Review originally published on Virtual Festivals
Since its creation by the prog-rock primate playing Peter Gabriel, it’s often wrongly assumed that WOMAD Festival’s rosta follows similar narrowly defined white lines. In fact, it can be the friendliest and most open event anyone could wish to attend. This mix of goodwill, genuine enthusiasm and passion spills from the organisers down to the artists and audience.
WOMAD is unique as it brings the world to the festival goer – artists and bands from 42 different countries played at this year’s sold-out festival, the first time WOMAD has sold out since the event moved from its Reading site in 2007. Musicians are given the power to push beyond cultural and language barriers to really thrill and surprise onlookers. Often first-timers walk around this festival, discovering new, unheard of artists, leading them to say: “Why isn’t this artist bigger than Beyoncé?”
One artist who could certainly out-booty Beyoncé would be Eno Williams from Ibibio Sound Machine (9). Williams gives a wonderful performance, embodying a female Fela Kuti with added dancehall attitude. Her guitarist, Alfred “Kari” Bannerman – who played many early WOMADs as part of Peter Gabriel’s band – adds extra rockstar cred and sheer dexterity to the eight-strong band. One other new discovery is Daka Brakha (10), a Ukrainian band distinguished by their tall hats, akin to Horse Guards’ Busbys. Although their dress might be traditional, their sound certainly isn’t. During their Siam Tent set there’s a rapping cellist, touches of techno and a guitarist who could stand in for Jonzi from Sigur Ros.
The BBC Radio 3 Stage moved from the Arboretum into the main arena this year, and continues to champion interesting artists. From the trip-hop folk of the Welsh singing 9Bach (9) through to Amira Kheir (8), a Sudanese-Italian artist whose opening song sounds like ‘Thali’. An unfortunate reminder to rumbling stomachs, because the voluntary run Madras Cafe next door don’t start serving their unbeatable thalis until after 12:30pm.
There are headliners of course. New Zealand’s Fat Freddy’s Drop (7) swing by as part of the UK summer festival tour and work the audience with their irresistible dub tracks with sweet soulful vocals. The legendary Richard Thompson (8) at his ripe age continues to prove himself more adept than ever with one acoustic guitar – although it sounds like three. And Sinead O’ Connor’s (7) voice remains as clear as cut glass and she’s still fighting (well, boxing) fit, dedicating her set to the late Bobby Womack who had been booked to headline the festival.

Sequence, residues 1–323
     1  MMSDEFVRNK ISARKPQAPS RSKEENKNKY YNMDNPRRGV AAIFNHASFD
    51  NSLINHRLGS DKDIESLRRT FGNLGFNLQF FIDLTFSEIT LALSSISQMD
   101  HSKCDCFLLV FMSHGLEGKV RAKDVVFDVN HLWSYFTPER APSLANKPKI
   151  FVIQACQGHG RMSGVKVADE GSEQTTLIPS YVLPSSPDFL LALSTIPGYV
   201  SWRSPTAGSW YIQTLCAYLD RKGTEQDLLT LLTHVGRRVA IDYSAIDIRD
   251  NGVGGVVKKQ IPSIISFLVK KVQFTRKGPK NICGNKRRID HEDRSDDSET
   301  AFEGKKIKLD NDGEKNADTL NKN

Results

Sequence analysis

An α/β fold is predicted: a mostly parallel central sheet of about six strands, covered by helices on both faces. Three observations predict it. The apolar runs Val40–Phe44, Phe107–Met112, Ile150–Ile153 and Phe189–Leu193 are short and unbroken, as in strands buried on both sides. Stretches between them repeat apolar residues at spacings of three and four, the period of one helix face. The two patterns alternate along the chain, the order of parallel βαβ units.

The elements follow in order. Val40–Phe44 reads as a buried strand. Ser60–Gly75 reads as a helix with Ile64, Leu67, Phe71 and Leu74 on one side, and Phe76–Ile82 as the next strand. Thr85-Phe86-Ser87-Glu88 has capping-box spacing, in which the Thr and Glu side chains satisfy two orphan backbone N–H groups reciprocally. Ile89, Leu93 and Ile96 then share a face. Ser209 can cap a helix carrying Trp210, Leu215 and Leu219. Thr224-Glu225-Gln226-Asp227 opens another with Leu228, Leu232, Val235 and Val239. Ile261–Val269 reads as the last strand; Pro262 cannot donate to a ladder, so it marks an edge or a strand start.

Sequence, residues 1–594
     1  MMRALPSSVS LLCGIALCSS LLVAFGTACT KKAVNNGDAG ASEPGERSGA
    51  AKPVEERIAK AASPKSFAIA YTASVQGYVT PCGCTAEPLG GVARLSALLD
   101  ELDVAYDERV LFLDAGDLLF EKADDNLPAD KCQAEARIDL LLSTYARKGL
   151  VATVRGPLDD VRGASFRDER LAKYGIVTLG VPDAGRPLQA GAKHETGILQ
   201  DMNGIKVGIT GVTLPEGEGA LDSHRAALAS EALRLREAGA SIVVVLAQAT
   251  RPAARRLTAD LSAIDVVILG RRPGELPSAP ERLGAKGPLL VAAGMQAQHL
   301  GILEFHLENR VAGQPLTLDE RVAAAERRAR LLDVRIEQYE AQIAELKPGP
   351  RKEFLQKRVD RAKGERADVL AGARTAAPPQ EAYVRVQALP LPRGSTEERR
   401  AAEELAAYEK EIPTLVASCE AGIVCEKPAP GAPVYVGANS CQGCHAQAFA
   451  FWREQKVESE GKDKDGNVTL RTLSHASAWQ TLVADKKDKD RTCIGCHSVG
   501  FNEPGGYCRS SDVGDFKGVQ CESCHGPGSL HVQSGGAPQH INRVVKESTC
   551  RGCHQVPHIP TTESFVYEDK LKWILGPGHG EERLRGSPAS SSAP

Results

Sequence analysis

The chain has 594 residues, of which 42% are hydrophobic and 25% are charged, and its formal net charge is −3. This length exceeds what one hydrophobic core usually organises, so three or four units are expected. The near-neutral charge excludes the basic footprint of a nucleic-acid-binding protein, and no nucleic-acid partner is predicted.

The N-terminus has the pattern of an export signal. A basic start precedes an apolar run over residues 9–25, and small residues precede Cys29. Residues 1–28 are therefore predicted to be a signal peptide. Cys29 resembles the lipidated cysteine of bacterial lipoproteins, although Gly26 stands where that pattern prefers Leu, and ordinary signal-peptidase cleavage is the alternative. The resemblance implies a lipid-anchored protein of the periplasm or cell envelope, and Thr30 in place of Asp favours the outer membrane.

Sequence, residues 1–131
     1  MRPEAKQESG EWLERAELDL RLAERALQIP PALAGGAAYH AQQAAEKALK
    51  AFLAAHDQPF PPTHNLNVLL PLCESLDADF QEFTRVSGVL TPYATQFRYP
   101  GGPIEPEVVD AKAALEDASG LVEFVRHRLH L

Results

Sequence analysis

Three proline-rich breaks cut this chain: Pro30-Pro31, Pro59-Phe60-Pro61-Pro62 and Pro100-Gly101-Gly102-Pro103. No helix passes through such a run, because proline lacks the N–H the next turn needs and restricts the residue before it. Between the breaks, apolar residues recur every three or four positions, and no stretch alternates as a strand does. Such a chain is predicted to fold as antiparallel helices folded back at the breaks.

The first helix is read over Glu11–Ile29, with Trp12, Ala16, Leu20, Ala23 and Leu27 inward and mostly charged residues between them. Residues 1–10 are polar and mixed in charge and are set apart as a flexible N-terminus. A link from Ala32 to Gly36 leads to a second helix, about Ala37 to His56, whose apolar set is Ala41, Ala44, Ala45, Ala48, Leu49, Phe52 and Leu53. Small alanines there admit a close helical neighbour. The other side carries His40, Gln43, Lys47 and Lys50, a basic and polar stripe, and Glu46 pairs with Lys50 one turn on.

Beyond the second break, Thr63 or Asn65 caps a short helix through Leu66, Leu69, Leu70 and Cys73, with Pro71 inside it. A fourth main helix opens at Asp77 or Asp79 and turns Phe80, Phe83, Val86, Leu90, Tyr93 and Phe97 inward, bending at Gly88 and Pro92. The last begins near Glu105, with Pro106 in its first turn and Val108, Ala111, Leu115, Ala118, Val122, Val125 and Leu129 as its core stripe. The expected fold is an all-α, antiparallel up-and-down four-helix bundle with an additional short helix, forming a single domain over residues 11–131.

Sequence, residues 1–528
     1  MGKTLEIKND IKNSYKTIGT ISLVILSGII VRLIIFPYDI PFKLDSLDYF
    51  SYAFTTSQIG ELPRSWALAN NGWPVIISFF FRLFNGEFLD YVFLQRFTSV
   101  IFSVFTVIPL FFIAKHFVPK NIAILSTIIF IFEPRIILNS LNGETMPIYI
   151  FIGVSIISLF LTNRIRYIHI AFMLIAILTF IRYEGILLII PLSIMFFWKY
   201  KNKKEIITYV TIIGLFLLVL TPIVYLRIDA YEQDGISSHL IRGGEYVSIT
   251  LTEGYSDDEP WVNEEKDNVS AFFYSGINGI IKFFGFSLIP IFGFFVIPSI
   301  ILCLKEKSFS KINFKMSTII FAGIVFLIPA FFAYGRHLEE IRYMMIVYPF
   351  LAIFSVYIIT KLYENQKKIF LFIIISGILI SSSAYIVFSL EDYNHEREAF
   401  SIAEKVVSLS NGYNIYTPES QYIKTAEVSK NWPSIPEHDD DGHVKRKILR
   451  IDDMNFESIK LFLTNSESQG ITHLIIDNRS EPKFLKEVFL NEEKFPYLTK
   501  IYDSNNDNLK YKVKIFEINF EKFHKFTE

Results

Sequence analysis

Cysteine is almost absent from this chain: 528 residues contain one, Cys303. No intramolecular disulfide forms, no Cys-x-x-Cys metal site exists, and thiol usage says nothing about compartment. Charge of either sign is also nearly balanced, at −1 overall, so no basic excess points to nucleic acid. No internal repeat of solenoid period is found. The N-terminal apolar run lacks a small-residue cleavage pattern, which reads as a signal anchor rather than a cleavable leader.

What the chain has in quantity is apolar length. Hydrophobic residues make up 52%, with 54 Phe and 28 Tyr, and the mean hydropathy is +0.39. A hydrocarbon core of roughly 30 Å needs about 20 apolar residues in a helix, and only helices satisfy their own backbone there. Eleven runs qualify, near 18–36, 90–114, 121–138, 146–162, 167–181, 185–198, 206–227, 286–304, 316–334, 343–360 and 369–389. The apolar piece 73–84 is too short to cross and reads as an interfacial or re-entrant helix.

On an equal billing are world music superstars such as Mulatu Astatke (7) whose Ethiopian vibraphone Jazz is continually referenced and sampled as pointed out by his version of “Yègellé Tezeta” which enters into Nas and Damian Marley’s version. The divine Mali diva Fatoumata Diawara teamed up with Havana pianist Roberto Fonseca and the combination of exquisite voice and deft Latino groove is another winner (8). And Songhoy Blues (9) the biggest thrill of Africa Express have a mournful indie quality made all the more poignant when reacting to real conflict in Timbuktu rather than the usual British bedsit blues.
Another main attraction this year is the addition of the Society of Sound Tent which uses a Bowers and Wilkins speaker system of Abbey Road studio fame. David Holmes (7) utilises the quadrophonic surround speakers to play rare Northern Soul records as crackling vinyl ricochets around the four banks on Friday. The next day, Peter Gabriel spends a morning talking about the importance of hi-fidelity but the sound is so smartly directional that from outside the tent it’s virtually inaudible. Ashley Beedle (8) brings up the bottom end on Saturday with some disco and finger-pointing house. On Sunday, the real test of the system is when the stage is filled with old electronic equipment as The Radiophonic Workshop (8) bring their backroom boffin skills to the fore. The sound of many a geeky 1970’s Beeb show are audibly panned to full effect and given a bit of pep by The Prodigy’s former live drummer. Obviously, The Doctor Who theme wig-out finale is what everyone is waiting for.
Some of the best highlights this year were off the sun-beaten track in the Arboretum, sat appropriately under a tree by the solar-powered Ecotricity stage. Sans (8) music is mix of hypnotic Finnish mythological tales given a dramatic bite. Imed Alibi’s (9) percussive Tunisian beats make a sweltered hot audience dance with the kind of swirling arm gesturing movements that you only see at this festival. It’s here, as the smell of honeysuckle wafts from the trees and as Taste of Womad serves up another delightful dish concocted by the band playing on stage, it truly feels like you’re at the core of the festival.